The winds of change
29 November 2019 | Opinion
As trends begin to emerge following the Namibian electorate going to the polls on Wednesday, as predicted, the race to State House is a two-horse race between the incumbent and the independent presidential candidate. Yet for many who would see multiparty democracy strengthened, not only here but regionally, continentally and globally, the National Assembly race is even more interesting, as traditional Swapo strongholds have recorded telling gains for opposition parties. Where opposition party presidential candidates have performed with limited success, somehow a smattering of traditional Swapo votes ended up in their pot of support. In fact, from the provisional results it would seem that the ruling party's grip on a two-thirds majority may be loosening, while the opposition benches, which cumulatively housed about 20% of the seats after the 2014 general election, will likely now be emboldened and more able to hold power to account. President Hage Geingob's 87% in 2014 is now a distant memory, and if he manages to hold on and remain resident at State House or face a run-off, the nature of politics has been irrevocably changed.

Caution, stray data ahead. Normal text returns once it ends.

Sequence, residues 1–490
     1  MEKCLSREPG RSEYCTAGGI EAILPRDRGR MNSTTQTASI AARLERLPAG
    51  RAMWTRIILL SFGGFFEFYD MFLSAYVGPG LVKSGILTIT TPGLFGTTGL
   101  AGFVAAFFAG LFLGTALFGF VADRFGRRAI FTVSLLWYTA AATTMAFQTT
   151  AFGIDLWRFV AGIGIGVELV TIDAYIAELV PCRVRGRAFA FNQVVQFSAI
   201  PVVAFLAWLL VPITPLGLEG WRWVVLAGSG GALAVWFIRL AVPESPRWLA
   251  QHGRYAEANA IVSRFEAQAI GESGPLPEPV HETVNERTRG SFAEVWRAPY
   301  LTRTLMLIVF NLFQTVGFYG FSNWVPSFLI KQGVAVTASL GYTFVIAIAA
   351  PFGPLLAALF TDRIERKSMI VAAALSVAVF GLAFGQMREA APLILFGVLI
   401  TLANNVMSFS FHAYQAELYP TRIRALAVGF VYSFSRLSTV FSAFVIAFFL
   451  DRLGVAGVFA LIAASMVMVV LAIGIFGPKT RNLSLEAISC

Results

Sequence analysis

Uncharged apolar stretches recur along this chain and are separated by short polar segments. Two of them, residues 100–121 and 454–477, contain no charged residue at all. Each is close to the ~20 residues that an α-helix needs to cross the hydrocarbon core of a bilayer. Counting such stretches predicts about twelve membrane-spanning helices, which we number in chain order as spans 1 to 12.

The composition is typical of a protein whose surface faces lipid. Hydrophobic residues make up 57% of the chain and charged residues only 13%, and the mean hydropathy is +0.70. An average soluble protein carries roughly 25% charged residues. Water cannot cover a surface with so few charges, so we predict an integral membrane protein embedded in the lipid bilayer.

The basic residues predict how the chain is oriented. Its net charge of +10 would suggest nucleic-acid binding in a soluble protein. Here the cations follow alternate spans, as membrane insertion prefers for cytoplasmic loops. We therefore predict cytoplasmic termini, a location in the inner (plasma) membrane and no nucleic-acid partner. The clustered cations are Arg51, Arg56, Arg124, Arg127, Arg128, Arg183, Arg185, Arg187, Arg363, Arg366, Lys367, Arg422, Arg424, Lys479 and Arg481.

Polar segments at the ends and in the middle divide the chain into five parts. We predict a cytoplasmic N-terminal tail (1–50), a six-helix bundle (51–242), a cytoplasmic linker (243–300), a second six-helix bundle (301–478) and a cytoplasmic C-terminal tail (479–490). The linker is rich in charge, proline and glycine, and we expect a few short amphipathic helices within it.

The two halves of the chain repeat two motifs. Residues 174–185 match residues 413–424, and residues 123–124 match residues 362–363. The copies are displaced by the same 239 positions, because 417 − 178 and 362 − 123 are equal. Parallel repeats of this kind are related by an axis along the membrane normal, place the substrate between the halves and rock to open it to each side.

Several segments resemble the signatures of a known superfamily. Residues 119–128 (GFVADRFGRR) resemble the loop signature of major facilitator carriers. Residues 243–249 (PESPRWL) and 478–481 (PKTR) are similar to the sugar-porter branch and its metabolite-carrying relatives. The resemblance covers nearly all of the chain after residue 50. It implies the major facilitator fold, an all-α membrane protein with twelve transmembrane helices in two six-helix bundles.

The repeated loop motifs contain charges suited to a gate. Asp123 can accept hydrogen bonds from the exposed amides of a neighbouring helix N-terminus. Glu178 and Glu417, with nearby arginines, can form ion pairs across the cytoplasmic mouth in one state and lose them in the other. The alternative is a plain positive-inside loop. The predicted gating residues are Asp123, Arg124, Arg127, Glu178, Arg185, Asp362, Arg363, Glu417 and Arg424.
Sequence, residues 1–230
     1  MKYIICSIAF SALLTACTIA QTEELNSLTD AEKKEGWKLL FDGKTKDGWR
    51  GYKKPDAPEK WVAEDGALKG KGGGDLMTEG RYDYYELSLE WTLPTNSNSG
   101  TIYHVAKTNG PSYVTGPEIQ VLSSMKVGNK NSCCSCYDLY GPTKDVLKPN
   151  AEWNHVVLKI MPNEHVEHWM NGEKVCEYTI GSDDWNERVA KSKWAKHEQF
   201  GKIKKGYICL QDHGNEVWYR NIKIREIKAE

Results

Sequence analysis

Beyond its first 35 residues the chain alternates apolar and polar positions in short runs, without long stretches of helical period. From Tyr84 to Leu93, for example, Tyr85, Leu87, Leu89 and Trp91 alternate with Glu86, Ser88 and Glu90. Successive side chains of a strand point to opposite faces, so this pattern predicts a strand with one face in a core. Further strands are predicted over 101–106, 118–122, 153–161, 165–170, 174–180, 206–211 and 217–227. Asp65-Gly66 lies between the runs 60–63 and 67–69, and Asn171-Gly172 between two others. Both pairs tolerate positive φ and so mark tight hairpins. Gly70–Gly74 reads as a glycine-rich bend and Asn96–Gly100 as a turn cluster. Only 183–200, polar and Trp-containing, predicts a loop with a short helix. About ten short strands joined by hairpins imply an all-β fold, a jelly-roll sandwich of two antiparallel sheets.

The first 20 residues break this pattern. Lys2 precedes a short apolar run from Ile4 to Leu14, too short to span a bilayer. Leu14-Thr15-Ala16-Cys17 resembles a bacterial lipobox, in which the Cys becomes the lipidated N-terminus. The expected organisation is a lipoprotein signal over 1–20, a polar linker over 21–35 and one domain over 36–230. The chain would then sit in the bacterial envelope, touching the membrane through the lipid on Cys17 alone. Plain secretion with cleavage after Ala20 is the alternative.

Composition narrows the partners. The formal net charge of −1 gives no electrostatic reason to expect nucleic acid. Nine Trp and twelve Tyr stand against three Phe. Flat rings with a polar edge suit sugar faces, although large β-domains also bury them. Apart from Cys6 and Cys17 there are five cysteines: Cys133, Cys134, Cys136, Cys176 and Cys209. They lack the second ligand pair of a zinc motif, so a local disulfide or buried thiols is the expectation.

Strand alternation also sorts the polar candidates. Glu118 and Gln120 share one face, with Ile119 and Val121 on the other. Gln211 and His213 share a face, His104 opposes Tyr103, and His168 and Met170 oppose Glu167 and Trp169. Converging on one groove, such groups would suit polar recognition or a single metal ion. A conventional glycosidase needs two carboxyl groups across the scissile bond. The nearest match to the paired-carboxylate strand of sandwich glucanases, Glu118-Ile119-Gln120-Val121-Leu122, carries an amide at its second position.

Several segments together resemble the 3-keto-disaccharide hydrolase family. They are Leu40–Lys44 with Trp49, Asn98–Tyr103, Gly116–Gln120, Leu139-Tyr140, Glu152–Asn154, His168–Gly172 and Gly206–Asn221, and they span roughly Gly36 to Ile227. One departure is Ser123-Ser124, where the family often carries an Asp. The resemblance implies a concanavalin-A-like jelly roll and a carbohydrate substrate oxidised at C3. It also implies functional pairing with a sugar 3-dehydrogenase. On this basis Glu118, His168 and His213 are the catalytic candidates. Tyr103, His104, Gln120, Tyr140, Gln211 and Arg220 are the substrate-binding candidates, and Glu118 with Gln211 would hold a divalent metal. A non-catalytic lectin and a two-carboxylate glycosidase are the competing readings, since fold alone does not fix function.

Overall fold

Finally the liberation struggle collateral has run out, as Namibian voters turn their attention to the massive challenges of the day and the future of their beloved homeland. Whoever stands triumphant or defeated at the end of the counting process must know that political power is borrowed from the citizens of this nation. It is not a currency to use as you wish to the benefit of insiders and cronies. Political power belongs to the citizens, not to parties and their leaders. This nation, blessed with so much, has finally turned the corner, and has grabbed this realisation with both hands. Namibia is the people, and the people are Namibians!